The best part of the entire evening was arguably the game itself. All the NHL asked of the Avs and Kings was to show up. Tyler Toffoli certainly did. The rest is up for debate but the two organizations certainly fulfilled their obligations for the evening.

Once that ended, it was time for all those who had poured the effort into getting inside the stadium to take their leave.

And it was, predictably, a gigantic mess.

Stories like these became commonplace:

That last story is particularly interesting (and you have to appreciate the “friends we made along the way” vibe to it). Rideshare services have become an extremely effective way to get in and out of major events such as this. Because the event was being held on an active military installation, rideshare drivers were regularly declining fares because they either couldn’t get onto the base or couldn’t leave once they did get inside.

Couple that with the specific pick-up/drop-off point designated for rideshare services lacking any consistent cell phone service, and you have the perfect storm for stories of folks walking several miles just to leave the base and get rides to where they were going.

Because of the interest in the Stadium Series game, hotels took the luxury of overbooking (a common practice in hospitality) rooms to ensure they sold out with such a large event in town.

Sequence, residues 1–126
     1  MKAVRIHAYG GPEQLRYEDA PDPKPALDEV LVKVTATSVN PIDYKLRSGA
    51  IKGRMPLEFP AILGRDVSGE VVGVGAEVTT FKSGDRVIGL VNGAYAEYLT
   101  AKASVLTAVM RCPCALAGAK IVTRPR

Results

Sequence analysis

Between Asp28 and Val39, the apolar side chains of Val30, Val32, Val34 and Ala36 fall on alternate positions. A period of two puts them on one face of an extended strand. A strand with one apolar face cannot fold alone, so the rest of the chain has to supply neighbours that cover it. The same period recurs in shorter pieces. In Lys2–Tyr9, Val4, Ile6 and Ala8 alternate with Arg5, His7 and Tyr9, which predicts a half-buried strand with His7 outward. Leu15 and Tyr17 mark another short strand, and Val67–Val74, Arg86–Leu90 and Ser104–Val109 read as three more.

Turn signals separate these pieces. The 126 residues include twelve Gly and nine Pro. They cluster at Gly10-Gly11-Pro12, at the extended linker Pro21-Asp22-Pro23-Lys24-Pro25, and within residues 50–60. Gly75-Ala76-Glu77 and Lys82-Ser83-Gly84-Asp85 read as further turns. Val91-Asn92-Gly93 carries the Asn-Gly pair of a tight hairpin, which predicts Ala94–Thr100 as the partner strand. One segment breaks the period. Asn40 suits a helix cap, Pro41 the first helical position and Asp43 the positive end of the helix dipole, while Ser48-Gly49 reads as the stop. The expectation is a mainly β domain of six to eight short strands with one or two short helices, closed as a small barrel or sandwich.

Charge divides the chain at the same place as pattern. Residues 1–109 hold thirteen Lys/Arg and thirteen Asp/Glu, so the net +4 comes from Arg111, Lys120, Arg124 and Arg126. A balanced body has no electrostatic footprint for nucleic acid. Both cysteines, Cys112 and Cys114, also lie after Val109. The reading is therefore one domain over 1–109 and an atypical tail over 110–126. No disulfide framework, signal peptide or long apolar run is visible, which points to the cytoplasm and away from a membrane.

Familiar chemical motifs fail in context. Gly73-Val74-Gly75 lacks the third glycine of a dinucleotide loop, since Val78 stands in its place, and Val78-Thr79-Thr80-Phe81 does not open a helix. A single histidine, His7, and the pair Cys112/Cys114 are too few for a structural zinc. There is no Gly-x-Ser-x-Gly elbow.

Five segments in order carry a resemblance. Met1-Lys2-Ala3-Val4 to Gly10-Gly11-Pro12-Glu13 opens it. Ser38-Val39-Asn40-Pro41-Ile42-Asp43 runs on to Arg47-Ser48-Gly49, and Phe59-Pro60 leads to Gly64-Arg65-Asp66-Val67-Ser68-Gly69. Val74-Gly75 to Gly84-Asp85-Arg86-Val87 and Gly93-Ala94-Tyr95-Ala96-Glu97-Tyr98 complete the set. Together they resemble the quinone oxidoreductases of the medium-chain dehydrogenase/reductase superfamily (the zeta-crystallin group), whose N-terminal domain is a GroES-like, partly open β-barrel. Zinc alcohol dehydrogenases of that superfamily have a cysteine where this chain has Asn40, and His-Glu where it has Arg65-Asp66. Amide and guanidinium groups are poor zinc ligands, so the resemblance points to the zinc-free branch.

What that meant for at least one group of hockey fans, however, was them finding out while they were in hour number three of waiting to leave the stadium parking lot that their reservation had been canceled.

Instead of going back to their hotel and having a drink and trying to laugh it off, they were now faced with trying to trek back to Denver to find different accommodations.

Now, not all of this is the fault of the NHL or the Air Force Academy.

But when parsing blame for this fiasco of an event, that’s absolutely where you begin.

The NHL didn’t care about the logistical hurdles of hosting an event at Falcon Stadium that would bring in numbers it’s clearly not designed to handle (and before you tell me what the capacity of the stadium is, consider how often it actually sells out and the number of non-locals attending this event. Falcons football games are not comparable to tonight’s event).